US President Donald Trump on Tuesday accused China of seeking to influence knife-edge midterm congressional elections by taking aim at his political support base in the economic giants’ rapidly escalating trade war.
The allegation added an explosive new element to the dispute after Trump pulled the trigger late on Monday on 10 per cent tariffs against another $200 billion in Chinese goods from next week, with a threat of more tariffs on another $267 billion.
Beijing responded on Tuesday by announcing new tariffs on $60 billion of US imports.
In a combative series of tweets Trump, whose Republicans fear losing control of both houses of Congress in November, accused China of trying to broaden its retaliation into the electoral arena. It’s an especially sensitive issue given the political maelstrom over alleged Russian meddling in the real estate tycoon’s surprise 2016 presidential victory.
“China has openly stated that they are actively trying to impact and change our election by attacking our farmers, ranchers and industrial workers because of their loyalty to me,” Trump wrote.
“China has been taking advantage of the United States on Trade for many years. They also know that I am the one that knows how to stop it,” he added.
“There will be great and fast economic retaliation against China if our farmers, ranchers and/or industrial workers are targeted!”
It was not clear what open statements by China – if any – Trump was referring to.
However, Beijing’s previous tariffs did target major US agricultural products like pork and soybeans. That hurt soybean powerhouse states like Illinois, Kansas and Minnesota, which are all toss ups in the November House races.
Recent NBC News/Marist polls have also found that the trade war – a pillar of Trump’s presidency – is unpopular in six politically important states: Illinois, Indiana, Missouri, Pennsylvania, Tennessee and Texas.
Trump believes that his tearing up of the international trade rulebook is long overdue. His promise to end what he says are grossly skewed Chinese trade relations was a key plank of his election.
“For months, we have urged China to change these unfair practices and give fair and reciprocal treatment to American companies,” Trump said in a statement on Monday.
“These practices plainly constitute a grave threat to the long-term health and prosperity of the United States economy,” he said. “But, so far, China has been unwilling to change its practices,” including theft and forced transfer of technology.
Once the new round of tariffs takes effect on September 24, punitive duties will be in place on $250 billion in goods the US buys from China – its largest source of imports.
This latest round of imports will face 10 percent tariffs through the end of the year, and then the rate will jump to 25 per cent.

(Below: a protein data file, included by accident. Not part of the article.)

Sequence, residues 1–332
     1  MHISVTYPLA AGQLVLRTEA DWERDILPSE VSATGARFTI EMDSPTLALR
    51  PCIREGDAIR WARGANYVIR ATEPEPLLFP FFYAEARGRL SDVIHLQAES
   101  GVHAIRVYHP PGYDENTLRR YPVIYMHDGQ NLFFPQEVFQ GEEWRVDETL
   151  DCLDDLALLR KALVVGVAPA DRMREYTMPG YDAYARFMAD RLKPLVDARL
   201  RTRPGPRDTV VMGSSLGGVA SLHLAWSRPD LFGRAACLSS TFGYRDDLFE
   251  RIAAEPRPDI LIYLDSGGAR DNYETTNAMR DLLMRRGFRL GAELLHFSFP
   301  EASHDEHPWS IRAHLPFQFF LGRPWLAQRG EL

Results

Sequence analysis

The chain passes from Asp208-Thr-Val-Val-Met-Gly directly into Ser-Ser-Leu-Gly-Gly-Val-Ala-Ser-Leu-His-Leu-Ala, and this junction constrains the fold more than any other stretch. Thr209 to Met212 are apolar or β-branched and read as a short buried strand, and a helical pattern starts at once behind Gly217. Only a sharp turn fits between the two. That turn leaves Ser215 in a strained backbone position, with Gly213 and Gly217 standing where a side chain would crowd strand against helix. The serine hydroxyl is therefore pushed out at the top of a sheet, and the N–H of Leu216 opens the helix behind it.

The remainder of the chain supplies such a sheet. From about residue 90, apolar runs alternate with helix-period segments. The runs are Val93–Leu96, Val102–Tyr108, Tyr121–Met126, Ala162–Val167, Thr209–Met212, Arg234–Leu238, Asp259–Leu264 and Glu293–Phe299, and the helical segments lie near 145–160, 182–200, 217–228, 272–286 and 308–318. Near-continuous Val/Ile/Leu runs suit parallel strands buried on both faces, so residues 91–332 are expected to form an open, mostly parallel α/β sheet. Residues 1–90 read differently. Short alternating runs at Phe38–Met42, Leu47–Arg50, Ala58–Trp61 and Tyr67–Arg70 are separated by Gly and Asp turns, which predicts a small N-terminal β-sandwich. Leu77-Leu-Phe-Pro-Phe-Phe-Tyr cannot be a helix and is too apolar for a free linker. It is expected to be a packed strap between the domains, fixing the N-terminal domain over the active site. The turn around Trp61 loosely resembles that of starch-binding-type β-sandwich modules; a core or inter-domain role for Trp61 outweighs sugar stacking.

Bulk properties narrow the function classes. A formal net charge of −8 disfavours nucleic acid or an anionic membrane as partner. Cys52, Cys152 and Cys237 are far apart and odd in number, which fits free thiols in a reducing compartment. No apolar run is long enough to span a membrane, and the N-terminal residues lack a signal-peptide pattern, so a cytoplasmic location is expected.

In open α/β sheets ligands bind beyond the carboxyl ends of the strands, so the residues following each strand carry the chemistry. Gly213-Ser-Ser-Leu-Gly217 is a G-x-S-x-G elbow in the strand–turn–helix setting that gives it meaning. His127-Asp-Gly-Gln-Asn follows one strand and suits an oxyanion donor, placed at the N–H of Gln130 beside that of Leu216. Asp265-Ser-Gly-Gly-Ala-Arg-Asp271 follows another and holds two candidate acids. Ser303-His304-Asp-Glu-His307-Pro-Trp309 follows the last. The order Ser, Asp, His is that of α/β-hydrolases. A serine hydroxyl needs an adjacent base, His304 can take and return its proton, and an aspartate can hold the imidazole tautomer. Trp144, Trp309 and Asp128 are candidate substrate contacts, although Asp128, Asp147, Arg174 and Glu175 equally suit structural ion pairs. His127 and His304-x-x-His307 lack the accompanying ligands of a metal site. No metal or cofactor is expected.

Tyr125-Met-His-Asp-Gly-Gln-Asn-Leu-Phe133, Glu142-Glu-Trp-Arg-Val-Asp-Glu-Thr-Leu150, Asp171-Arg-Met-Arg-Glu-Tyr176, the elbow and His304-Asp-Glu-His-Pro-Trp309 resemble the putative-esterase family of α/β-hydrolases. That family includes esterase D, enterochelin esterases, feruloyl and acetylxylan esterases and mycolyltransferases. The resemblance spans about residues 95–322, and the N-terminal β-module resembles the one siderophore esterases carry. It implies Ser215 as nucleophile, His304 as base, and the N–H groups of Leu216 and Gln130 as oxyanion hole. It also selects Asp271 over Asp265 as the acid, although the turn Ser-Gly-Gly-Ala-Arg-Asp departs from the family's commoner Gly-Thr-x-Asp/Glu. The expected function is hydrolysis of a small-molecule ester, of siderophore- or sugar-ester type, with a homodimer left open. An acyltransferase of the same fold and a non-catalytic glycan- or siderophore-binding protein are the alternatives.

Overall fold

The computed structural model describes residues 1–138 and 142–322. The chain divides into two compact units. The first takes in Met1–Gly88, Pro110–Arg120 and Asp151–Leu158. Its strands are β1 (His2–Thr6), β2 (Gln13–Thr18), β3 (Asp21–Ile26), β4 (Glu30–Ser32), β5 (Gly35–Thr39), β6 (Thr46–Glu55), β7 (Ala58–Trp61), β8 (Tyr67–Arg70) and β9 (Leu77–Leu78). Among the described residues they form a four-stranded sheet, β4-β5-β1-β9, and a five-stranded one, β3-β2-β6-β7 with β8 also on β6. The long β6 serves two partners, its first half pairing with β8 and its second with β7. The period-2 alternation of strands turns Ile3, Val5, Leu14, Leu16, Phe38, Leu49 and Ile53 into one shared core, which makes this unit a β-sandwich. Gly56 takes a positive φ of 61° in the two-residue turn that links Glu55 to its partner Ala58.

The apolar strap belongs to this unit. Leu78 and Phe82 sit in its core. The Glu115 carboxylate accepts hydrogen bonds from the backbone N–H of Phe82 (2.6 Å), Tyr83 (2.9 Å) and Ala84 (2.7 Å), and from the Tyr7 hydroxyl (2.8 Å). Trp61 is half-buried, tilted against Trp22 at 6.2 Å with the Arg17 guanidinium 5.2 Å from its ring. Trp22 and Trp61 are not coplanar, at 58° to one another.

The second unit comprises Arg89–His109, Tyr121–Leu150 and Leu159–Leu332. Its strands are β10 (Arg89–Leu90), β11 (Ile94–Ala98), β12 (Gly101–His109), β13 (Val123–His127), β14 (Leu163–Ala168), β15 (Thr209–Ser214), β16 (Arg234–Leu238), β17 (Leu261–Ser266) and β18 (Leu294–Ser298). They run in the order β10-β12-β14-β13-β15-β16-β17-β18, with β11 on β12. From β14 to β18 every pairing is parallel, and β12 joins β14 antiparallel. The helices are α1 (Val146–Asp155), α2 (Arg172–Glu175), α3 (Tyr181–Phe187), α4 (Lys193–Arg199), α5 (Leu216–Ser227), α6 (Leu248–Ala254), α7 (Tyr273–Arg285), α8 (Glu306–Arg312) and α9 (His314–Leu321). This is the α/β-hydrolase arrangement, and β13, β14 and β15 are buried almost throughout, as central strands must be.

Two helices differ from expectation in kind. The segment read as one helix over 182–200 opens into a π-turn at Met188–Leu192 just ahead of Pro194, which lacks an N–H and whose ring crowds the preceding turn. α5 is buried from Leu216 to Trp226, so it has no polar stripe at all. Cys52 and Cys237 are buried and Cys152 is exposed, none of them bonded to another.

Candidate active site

Trump warned that “if China takes retaliatory action . . . we will immediately pursue phase three, which is tariffs on approximately $267 billion of additional imports.”
That would amount to imposing new taxes on all the goods the US imports from China.
The new taxes will hit a broad swath of products, including billions in Chinese-made voice data receivers, computer memory modules, data processors, and accessories for office equipment such as copiers and bank-note dispensers – instantly making widely used goods more expensive.
However, senior administration officials told reporters the initial list announced in July was reduced by 300 product lines in response to 6,000 written comments from consumers and businesses.
The products spared included consumer electronics like smartwatches and Bluetooth devices, child safety products such as high chairs, car seats and playpens, and certain health-and-safety products such as bicycle helmets.
The removal of smartwatches and wireless headphones represents a win for tech giant Apple, which had warned the tariffs would hit its Apple Watch and Airpods product lines.
The exemption comes at a critical time for Apple, days after it unveiled its latest smartwatch and three new iPhones -- which will hit stores starting Friday -- in a bid to push up its growth after it slipped to third place among smartphone makers.
The escalating confrontation initially shook up global stock markets, but Wall Street was up early Tuesday largely on relief that Trump’s tariffs could have been more severe.
While officials said the impact on the US economy has been minimal, firms across the country have reported lost business, layoffs and possible bankruptcies as input costs rise.
US officials told reporters the lower initial tariff rate would give businesses time to find new suppliers. That could soften the blow to consumers and manufacturers among others ahead of the midterm elections.